A selection of Sri Lanka wildlife photos from a recent tour. The Island’s varied landscapes and climatic zones and plentiful national parks mean the country’s always excellent for wildlife sightings and although our recent Sri Lanka tour was in no way a specific nature or birdwatching trip we were lucky enough to have a keen-eyed wildlife specialist as our guide so sightings were even better than usual.
We had come away without a zoom lens so all shots are pretty much close up and if we hadn’t have left it in the cupboard we’d probably have got a lot more! In no particular order then…
The one everyone wants to see – wild elephants! With an estimated 6,000+ on a relatively small island, they aren’t hard to spot and we’d already seen several on the roadside before entering any national park. (As the highways department cuts back the verges this provides plenty of tempting shoots and lush greenery so elephants are consequently often seen grazing along the sides of highways.) The above mother and baby were seen in Udawalawe National Park in the southern part of the country.
Also regularly glimpsed from bus windows are some of the Island’s bountiful population of wild peafowls – now sadly rare in most other Asian countries. This is what we reckoned was a more unusual but equally spectacular rear view of a male in full display mode.
Certainly more familiar to European visitors, but a nice shot nonetheless we reckon, is this little egret looking for some lunch at the bustling Negombo fishing port.
Another bird shot – this time something called a black-capped night heron. Indeed birdlife was so bountiful around Kandy Lake that you could conveniently watch the impressive flocks of egrets, herons and cormorants while sitting with a G and T in the hotel bar!
This giant squirrel, amid the spectacular boulders of Sigiriya, was definitely on the look-out for some bananas. We omitted to include anything which would have put its size in perspective so you’ll just have to believe us when we say it was at least 4 foot, including the tail.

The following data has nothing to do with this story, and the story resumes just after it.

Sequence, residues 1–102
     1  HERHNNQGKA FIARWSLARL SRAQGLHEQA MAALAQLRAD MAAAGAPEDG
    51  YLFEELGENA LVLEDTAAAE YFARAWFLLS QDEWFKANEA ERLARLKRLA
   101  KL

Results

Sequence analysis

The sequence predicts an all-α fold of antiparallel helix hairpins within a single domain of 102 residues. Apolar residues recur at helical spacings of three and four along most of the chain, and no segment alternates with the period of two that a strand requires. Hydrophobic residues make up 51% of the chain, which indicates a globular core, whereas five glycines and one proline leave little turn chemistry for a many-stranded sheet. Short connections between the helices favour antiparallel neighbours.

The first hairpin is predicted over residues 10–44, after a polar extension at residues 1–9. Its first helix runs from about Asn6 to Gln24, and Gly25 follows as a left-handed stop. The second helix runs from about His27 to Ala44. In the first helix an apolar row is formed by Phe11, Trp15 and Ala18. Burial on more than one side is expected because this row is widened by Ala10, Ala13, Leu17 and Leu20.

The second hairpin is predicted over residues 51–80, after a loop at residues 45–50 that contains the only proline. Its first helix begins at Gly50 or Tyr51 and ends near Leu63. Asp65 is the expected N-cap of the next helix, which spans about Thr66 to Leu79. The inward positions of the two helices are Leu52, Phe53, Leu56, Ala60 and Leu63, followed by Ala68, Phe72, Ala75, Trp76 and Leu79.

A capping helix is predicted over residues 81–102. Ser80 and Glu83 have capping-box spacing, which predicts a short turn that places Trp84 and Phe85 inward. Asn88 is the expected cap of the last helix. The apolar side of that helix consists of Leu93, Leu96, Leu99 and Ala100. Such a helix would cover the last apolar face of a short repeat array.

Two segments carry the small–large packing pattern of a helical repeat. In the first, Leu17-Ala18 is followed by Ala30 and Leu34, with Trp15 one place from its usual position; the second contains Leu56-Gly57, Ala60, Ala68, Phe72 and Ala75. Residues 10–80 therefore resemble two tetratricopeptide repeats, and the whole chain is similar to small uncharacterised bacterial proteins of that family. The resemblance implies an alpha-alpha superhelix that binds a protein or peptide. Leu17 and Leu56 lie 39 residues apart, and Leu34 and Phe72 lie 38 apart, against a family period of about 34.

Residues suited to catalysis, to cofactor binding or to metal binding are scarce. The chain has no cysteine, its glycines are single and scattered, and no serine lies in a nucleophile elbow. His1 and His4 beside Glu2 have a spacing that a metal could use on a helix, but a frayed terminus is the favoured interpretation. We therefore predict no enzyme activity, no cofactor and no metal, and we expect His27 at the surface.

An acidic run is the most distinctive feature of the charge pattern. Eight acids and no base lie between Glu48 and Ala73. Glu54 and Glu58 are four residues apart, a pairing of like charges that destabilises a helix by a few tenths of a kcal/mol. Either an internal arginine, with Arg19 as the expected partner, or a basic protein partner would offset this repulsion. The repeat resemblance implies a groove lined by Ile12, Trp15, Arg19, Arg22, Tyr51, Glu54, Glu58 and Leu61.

Something else which showed no fear and patiently posed for a bunch of photos was this magnificent sambur deer stag sitting by the roadside at the entrance to Horton Plains National Park.
Another spectacular sighting – and this was actually taken from our tuk-tuk as we returned to the hotel after lunch – is a grey langur mother and baby in Tangalle. Macaques are common in numerous urban areas in Asia but in our experience, these beautiful langurs are not!
The pair of young jackals in Udawalawe National Park was another spectacular and new sighting for us and again we’d remind you – no zoom! We are slightly at a loss to explain the relative accessibility and apparently healthy population levels of much of the country’s wildlife as Sri Lanka – along with most other Asian nations – has booming human population growth and a familiar problem of habitat loss. A lack of propensity to ‘eat anything that moves’ on the part of the local population – sadly common in certain other parts of the continent – clearly helps but Sri Lankan wildlife does seem to have developed a rare ability to adapt to living in close proximity with humans. (We’re not saying there aren’t problems but…)
Prehistoric looking monitor lizards – often of impressive sizes – are another common sighting both in national parks and city parks with the 2-metre water monitor sunbathing aside Kandy Lake being the largest we’ve ever come across in Asia. We’ll leave you with a final bird pic – this time the ubiquitous (endemic) and beautiful little green bee-eater – seen here posing aside a track in Udawalawe National Park.
All Sri Lanka wildlife photos were taken on our recent Island of Serendipity, Sri Lanka tour.